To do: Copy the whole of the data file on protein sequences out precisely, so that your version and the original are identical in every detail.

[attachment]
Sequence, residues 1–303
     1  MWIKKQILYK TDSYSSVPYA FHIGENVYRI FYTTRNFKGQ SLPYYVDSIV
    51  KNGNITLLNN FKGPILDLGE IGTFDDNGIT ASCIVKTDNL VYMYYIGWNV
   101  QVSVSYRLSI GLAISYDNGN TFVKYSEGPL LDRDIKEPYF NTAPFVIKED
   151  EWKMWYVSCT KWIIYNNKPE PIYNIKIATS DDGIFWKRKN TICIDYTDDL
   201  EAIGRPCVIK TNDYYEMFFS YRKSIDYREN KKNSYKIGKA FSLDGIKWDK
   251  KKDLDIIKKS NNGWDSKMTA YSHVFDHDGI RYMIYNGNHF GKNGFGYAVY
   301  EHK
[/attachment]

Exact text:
Sequence, residues 1–303
     1  MWIKKQILYK TDSYSSVPYA FHIGENVYRI FYTTRNFKGQ SLPYYVDSIV
    51  KNGNITLLNN FKGPILDLGE IGTFDDNGIT ASCIVKTDNL VYMYYIGWNV
   101  QVSVSYRLSI GLAISYDNGN TFVKYSEGPL LDRDIKEPYF NTAPFVIKED
   151  EWKMWYVSCT KWIIYNNKPE PIYNIKIATS DDGIFWKRKN TICIDYTDDL
   201  EAIGRPCVIK TNDYYEMFFS YRKSIDYREN KKNSYKIGKA FSLDGIKWDK
   251  KKDLDIIKKS NNGWDSKMTA YSHVFDHDGI RYMIYNGNHF GKNGFGYAVY
   301  EHK